Coffee with HT: A seamless transition from top cop to minister

Published on Sep 01, 2022 01:48 AM IST

Asim Arun, now minister of state (independent charge) for Social Welfare, Schedule Caste and Tribal Welfare in Uttar Pradesh Government, is a first time BJP lawmaker from Kannauj, famous for its fragrance.

Asim Arun at Coffee with HT programme at the Hindustan times office in Lucknow on Wednesday. (Deepak Gupta/ht)
Asim Arun at Coffee with HT programme at the Hindustan times office in Lucknow on Wednesday. (Deepak Gupta/ht)

He doesn’t always wear the khadi kurta-pyjama, largely preferred by politicians, but opts for the more regular shirt-trouser combo that an average Indian wears to the workplace.

But barring his dress, Asim Arun, 51, the former anti-terror squad (ATS) chief in Uttar Pradesh (U.P), who loves reading Dr Ambedkar’s works, has made a seamless transition from policing to politics, covering the distance in surprisingly quick period of about three months!

His vocabulary has changed as he reels off political jargon like a pro, confidently asserting “all 80” on being asked about number of seats he feels BJP would win from U.P in 2024 Lok Sabha polls.

Earlier, he was ‘targeting terrorists’ but now as the state’s social welfare minister, he looks for ‘better scheme targeting’.

“Previously, I was with the ATS, now I am involved with another ATS – the Ashram type schools that my department runs,” he said with a smile at the Coffee with HT programme at the Hindustan Times office in Lucknow on Wednesday.

As a top cop, he would speak about criminals and encounters, now he talks of ‘14567,’ the elder line or the helpline his department has launched for the elderly. His English is crisp but he switches to Hindi every now and then, especially when he is making a political point or using catchy phrases like ‘sarkaar aapke dwaar (government at your doorstep)’ initiative.

He is aware of the controversy that his quick “lateral entry” into the ruling BJP, kicked off. He took VRS on January 15 after 28 years of service and by March 25 he had become an elected lawmaker from Kannauj.

However, this ex-IPS doesn’t seem weighed down by the criticism as he describes the BJP as a ‘netritiva vikas karyakram (leadership development programme)’ which also has space for people like him with some specialisation.

He said the rules did not prohibit the switch because there had not been any instance of misuse so far.

“The All India Service Rules restrict switch after VRS or retirement to private job for a year. In my case or for that matter any bureaucrat making a political switch, there is apparently no conflict of interest and hence no rule to prohibit it exists at the moment. If that happens, then maybe there would be a case for a rule,” he said.

But shouldn’t there be one?

“It’s a little complex. What if someone takes VRS to contest as an independent? What, if someone were to take VRS to join a ruling party, or an opposition, or to contest a Rajya Sabha election? All these might be construed differently by different people. As I said, there isn’t a law barring this transition from government service to politics as there hasn’t been any case of misuse so far,” said Arun.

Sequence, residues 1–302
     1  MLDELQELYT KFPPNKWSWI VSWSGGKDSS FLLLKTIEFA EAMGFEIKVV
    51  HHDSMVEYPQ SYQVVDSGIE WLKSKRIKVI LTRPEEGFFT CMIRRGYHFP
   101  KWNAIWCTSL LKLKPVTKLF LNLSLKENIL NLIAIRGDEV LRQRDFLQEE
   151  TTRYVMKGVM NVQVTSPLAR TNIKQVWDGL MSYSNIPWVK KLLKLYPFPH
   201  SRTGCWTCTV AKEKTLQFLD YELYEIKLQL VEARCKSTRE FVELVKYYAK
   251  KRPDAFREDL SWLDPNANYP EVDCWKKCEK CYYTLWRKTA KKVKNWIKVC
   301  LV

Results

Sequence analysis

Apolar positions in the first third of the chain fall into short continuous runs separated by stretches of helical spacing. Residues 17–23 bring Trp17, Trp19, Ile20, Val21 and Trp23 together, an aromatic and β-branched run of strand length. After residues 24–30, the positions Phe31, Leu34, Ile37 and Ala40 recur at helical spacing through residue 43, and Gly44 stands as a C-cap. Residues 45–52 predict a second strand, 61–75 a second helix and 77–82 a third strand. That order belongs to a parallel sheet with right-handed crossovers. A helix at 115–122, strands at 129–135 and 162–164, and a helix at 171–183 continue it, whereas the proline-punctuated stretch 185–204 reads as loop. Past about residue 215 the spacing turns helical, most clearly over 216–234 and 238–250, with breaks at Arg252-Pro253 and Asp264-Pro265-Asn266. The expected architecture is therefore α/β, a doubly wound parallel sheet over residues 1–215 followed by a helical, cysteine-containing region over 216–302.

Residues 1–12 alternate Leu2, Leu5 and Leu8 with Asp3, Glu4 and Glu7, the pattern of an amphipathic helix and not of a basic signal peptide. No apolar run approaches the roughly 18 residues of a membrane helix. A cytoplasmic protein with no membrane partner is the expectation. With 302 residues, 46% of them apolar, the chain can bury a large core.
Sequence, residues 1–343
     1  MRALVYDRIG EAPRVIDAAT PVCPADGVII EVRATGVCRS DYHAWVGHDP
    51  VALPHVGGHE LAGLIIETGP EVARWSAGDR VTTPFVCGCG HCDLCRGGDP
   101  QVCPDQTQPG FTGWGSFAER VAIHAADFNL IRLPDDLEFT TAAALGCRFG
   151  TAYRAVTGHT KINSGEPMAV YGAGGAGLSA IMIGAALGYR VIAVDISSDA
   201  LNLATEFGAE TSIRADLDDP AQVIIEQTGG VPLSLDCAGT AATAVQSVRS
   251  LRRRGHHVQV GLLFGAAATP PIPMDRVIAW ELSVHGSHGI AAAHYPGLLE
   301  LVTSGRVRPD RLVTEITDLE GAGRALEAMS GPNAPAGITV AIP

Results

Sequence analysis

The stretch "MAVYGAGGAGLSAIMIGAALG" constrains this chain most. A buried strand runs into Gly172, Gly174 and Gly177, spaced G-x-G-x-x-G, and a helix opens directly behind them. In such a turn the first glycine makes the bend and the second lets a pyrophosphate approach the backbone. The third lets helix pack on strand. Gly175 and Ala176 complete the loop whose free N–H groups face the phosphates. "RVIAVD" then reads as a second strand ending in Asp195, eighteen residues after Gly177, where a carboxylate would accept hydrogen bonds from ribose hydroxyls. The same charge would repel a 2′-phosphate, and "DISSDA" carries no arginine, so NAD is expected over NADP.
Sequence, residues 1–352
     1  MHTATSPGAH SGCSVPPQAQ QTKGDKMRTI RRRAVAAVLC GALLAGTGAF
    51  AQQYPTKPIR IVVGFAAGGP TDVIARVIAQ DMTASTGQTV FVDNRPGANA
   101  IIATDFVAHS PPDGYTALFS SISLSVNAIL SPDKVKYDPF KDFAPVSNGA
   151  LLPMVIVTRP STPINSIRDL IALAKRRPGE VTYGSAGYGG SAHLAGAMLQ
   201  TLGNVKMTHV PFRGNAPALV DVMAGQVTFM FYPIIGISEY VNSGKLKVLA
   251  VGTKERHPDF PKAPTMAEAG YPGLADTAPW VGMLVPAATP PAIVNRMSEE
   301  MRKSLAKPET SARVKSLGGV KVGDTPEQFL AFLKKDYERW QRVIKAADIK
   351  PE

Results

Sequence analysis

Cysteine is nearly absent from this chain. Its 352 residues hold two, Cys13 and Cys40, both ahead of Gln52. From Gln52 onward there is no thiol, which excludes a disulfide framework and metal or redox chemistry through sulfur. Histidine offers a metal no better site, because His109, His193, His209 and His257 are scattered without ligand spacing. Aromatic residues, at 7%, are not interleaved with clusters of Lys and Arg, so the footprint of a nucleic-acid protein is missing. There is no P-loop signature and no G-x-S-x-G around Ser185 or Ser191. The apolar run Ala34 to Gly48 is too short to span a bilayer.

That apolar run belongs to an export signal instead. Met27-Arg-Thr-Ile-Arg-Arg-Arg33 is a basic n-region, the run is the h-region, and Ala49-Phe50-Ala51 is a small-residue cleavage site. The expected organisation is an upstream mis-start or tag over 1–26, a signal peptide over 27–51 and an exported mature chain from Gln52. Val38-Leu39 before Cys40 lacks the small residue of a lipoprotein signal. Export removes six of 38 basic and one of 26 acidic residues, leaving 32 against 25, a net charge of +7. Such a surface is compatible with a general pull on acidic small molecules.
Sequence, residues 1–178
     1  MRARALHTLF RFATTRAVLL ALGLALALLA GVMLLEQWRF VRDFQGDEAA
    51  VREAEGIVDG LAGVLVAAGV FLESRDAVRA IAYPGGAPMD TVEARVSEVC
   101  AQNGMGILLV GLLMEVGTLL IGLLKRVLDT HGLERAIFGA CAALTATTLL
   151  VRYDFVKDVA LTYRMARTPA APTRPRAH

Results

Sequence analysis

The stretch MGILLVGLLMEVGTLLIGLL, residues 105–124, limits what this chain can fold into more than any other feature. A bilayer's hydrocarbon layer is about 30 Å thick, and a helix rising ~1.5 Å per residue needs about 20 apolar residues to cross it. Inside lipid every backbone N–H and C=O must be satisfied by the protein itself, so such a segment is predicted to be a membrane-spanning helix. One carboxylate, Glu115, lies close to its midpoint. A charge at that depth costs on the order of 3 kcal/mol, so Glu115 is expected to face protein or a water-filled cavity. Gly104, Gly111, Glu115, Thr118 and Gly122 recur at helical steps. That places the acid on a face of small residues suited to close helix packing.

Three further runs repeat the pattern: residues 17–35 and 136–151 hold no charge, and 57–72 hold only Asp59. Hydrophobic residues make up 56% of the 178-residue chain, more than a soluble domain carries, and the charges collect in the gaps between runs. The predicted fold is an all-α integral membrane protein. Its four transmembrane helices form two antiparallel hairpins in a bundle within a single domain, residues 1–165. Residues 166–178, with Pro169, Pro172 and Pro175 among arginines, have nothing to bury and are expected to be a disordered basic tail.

He talks of how he was reminded by the chief minister Yogi Adityanath of the importance of taking risk in life.

“Yogi ji told me that if one doesn’t take risk in life, one won’t be able to do anything better. In our subsequent meetings too, he emphasised that it was important to take risks in life. I believe there is a lesson in this for all. Incidentally, the advice fit in perfectly as I recalled how in 2003, I had taken a risk when I was the first IPS officer to opt for commando training. Back then, the rules had to be changed to accommodate me. It was tough but I took the risk. I knew this too (being in politics) would be tough, but I decided to take the risk,” he said.

The risk has been worth it.

Soon after winning his first election from Kannauj, Asim Arun also sent out a big message. As soon as he was declared winner, he started cleaning the counting centre. Subsequently, in a welcome gesture, he walked over to his Samajwadi Party opponent, whom he had defeated and shook hands with him.

“Politics is not a war. Once the elections are over, it’s time to shake hands with your opponent and move on, ” he said.

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  • ABOUT THE AUTHOR

    Manish Chandra Pandey is a Lucknow-based assistant editor with Hindustan Times’ political bureau in Lucknow, Uttar Pradesh. Along with political reporting, he loves to write off beat/human interest stories that people connect with. Manish also covers departments. He feels he has a lot to learn not just from veterans but from the newcomers who make him realise that there is so much to unlearn

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